by Heather Shayne Blakeslee
The new approach to Greenworks will be disorienting and disappointing for anyone who was looking for a big reveal on Mayor Kenney’s sustainability priorities. The new version, released in its printed form November 2016 by the Office of Sustainability (OOS), is emblematic of some big shifts in approach.
Gone are the 14 targets with baselines, metrics and goals; in their place are eight aspirational visions, such as “All Philadelphians waste less and keep our neighborhoods clean” and “All Philadelphians are prepared for climate change and reduce carbon pollution.”
But there is still a lot packed into the report. Given the sheer amount of work going on, as well as the number of departments involved, it was a struggle to list initiatives in order of importance, says Christine Knapp, who will lead OOS during the Kenney administration.
“There’s no weighting system we could come up with that we thought was fair,” Knapp says.
The result is a sometimes confusing mashup of task forces, advisory councils, plans and goals listed alphabetically by department underneath each vision. Knapp said she understands that the new format could be frustrating for the policy-and-metrics set, and that OOS is going to continue to work on how to best communicate with multiple audiences now that the printed version of Greenworks has evolved from a policy document to a communications piece directed at the general public. Knapp’s message to people uncomfortable with that shift? Be patient.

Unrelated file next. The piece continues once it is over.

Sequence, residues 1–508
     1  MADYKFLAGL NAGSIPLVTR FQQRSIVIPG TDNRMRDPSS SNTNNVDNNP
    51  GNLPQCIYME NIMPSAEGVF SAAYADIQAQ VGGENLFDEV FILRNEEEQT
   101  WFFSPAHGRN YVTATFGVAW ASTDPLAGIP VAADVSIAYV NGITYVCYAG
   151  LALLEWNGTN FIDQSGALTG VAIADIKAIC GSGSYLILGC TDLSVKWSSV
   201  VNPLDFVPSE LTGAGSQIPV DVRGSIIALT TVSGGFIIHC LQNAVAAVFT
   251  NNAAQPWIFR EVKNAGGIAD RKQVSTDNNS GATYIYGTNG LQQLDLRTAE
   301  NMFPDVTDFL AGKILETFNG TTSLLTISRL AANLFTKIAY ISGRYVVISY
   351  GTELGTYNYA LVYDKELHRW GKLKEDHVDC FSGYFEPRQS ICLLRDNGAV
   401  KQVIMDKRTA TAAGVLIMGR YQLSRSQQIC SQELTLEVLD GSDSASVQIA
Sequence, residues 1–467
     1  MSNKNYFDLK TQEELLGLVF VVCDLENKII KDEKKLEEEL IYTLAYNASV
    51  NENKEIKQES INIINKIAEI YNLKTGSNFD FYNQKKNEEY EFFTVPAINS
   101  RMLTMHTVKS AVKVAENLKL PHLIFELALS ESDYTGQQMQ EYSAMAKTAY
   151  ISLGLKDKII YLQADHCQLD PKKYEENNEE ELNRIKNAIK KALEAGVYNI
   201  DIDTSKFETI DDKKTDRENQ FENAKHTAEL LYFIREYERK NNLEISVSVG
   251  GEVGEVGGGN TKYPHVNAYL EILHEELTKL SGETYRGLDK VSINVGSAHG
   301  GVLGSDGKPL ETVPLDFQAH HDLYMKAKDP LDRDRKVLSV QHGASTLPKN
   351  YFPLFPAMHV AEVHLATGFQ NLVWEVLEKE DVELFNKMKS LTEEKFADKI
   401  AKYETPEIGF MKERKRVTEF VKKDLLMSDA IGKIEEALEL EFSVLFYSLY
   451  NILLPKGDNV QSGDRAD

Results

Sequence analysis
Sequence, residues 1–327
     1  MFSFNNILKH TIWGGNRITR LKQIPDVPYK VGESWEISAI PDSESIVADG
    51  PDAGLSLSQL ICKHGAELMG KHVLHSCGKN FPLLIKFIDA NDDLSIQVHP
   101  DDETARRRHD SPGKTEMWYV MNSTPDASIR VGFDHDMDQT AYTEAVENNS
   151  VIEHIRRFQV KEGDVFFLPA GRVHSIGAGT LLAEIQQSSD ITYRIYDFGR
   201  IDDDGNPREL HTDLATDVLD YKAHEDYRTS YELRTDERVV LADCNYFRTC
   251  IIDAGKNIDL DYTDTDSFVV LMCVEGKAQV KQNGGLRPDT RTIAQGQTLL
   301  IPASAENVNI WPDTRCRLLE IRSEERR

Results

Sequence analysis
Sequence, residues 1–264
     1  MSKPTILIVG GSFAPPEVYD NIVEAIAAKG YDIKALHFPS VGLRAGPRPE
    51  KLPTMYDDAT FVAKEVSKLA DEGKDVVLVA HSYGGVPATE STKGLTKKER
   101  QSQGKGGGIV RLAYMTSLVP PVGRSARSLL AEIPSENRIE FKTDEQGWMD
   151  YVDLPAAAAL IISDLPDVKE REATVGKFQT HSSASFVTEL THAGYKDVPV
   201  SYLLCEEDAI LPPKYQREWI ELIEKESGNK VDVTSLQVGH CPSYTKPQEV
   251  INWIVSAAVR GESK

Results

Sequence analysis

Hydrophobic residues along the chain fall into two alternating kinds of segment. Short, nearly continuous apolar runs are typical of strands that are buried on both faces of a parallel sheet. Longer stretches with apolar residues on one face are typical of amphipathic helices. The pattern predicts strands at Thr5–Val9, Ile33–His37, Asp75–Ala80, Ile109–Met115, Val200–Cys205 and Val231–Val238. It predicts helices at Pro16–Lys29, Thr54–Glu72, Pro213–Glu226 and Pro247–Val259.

Dialing in to new numbers
In the same 2014 election that propelled Mayor Jim Kenney into office, Philadelphia voters passed 2-1 a ballot measure that made OOS permanent, essentially protecting its existence from the political whims of different mayoral administrations. However, like all city offices, the mayor still has wide latitude when it comes to how it’s staffed, whether budget resources are allocated and how aggressively a sustainability agenda will be pursued. Furthermore, the city’s original Greenworks plan, created under Mayor Michael Nutter, was set to expire at the end of his administration.
So there was widespread approval in the sustainability community when Kenney appointed Knapp, a long-time environmental advocate. (Full disclosure: Knapp is also a personal friend of mine.) There was a further collective sigh of relief when the office was funded at Nutter administration levels.
But the question remained: What would Kenney’s plan be moving forward? How committed is he compared with the Nutter administration?